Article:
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nature cannot be thereby disturbed or interrupted. It is, therefore, an error if a change in the position of the earth's axis, &c. has been thought possible."

The author proceeds to show that the influence of the sun affects only the course and vicissitudes of the weather in general, but that the calculated influence of the sun's beams is extremely unequal, owing to the temporary and local nature of the soil of a country, and its situation, of the air, the wind, and the actual stock of the above mentioned chymically compounded materials. But the moon, it will be said, performs its part in our weather; by no means so regularly and sensibly as it has long been supposed to do. The sum of all the hours, during which in the whole year the moon shines by night, or in the absence of the sun, amounts by a rough calculation to only one half of all the nights in the year, that is 2190 hours, or 91 one-fourth days; and from this must be deducted the time, in which for two or three days before and after new moon, it appears only in the shape of a crescent; its light besides is at least 90,000 times fainter than that of the sun, and we have therefore the less reason to expect its rays to have any influence on sublunary bodies.*

Many years' meteorological observations have clearly shown, that there is no certain and constant coincidence of the changes in the weather, with F. Moore's periodical (monthly returning) distances, positions, and changer of light. As far as any influence does take place, yet the local and temporary state of the atmosphere and its various composition, will never allow it to be determined either before hand or according to the effects and consequences. The author then takes a view of the planets and comets, and declares them innocent of all the bad weather on the earth, or at least that our intellectual sight is too dim to discern their influence, and what is its nature. Bode places the only real cause of all possible changes of the weather, in the solutions and evaporations caused by the sun and a chymical elementary warmth, over the surface of the terraqueous globe, which may here and there disturb the equilibrium of the air, and thus cause in particular the origin of the winds. During this eternally active chymical operation of the grand economy of nature, the surface of the earth itself is subject to natural changes. It besides suffers great changes from the active hand of man, from the often precipitate destruction of great forests, from the building of large cities, by which new animal mephitic and mineralogical exhalations take place instead of vegetable ones. With such incessant variations of the gases, it is therefore almost impossible to attain to any precise rules in meteorology, or to certain prognostics of the wea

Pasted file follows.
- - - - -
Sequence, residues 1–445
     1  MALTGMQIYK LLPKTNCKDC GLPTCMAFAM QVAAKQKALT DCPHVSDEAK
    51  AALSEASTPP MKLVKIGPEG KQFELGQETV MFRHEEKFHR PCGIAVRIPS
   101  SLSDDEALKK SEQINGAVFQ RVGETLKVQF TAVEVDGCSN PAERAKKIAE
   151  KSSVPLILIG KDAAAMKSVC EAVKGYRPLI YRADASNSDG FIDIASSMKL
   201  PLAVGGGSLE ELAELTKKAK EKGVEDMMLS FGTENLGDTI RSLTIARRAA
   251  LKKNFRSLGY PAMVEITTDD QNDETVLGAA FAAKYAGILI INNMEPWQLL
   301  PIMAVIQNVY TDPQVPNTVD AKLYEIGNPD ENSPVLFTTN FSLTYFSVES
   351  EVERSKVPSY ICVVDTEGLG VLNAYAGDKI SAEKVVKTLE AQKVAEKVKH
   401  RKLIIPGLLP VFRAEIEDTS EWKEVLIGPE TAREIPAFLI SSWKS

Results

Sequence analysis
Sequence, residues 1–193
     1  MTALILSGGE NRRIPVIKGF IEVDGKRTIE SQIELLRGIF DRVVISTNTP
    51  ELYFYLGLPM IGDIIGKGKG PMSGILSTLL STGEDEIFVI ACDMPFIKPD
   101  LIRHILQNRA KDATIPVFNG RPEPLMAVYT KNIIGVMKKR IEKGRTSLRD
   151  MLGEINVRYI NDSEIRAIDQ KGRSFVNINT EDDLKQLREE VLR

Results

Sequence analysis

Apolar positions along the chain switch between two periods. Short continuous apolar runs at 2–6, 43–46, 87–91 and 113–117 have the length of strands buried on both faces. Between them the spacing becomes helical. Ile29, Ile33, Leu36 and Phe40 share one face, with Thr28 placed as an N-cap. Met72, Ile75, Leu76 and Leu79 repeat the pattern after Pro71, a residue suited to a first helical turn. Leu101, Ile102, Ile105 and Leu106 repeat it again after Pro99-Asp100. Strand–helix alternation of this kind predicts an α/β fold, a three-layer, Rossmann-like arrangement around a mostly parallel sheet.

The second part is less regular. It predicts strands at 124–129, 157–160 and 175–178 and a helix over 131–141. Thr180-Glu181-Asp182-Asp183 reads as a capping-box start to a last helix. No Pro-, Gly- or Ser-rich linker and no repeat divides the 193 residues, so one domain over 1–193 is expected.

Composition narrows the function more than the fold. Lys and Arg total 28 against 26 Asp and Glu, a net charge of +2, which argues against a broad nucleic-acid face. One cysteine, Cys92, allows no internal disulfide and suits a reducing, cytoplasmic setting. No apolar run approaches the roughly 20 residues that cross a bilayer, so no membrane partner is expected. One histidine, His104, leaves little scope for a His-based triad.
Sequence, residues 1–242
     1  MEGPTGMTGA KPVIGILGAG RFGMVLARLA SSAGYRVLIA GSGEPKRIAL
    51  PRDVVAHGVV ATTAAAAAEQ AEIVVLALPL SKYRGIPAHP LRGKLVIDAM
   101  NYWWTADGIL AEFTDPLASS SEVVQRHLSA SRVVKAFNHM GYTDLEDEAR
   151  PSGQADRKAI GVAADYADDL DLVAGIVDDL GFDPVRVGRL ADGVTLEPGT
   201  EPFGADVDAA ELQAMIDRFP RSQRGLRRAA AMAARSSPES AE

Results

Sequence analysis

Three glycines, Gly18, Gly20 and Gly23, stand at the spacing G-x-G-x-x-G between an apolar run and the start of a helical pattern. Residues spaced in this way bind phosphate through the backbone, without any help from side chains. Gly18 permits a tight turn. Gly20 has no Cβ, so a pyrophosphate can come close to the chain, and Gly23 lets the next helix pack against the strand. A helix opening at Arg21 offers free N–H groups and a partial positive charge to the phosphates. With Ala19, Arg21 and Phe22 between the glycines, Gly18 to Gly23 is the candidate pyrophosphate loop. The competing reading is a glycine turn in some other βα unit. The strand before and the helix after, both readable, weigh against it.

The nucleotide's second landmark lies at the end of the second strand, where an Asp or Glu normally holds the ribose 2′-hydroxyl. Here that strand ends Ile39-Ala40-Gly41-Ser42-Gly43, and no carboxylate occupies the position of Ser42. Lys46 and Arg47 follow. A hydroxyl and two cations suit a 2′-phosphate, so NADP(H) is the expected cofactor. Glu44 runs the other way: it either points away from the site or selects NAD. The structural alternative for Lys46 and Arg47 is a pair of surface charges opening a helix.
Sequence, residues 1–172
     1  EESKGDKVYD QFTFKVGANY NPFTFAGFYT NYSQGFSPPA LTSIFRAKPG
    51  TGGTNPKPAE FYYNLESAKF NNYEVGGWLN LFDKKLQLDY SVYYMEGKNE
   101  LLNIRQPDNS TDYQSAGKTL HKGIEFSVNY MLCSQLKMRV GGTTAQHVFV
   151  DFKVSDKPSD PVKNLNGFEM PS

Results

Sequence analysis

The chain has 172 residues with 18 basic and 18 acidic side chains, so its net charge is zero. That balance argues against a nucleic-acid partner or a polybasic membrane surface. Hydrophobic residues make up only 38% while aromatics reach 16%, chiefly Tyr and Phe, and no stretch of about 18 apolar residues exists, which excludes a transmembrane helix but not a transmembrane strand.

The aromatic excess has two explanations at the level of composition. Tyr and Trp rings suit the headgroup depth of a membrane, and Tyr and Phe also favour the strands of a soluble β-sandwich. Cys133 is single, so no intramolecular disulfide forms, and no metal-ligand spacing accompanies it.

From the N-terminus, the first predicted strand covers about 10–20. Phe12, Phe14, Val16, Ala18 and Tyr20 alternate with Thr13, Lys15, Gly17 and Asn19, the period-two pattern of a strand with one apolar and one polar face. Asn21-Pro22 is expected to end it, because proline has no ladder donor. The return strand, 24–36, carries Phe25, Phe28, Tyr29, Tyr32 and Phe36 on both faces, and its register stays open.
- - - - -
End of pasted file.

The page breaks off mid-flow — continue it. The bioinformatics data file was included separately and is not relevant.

*Though in some countries it is considered as unwholesome to walk by moonfight with the head uncovered; yet, I believe, its alleged influence on the atmosphere has not been ascribed to the warmth or light of its rays, but to its attraction.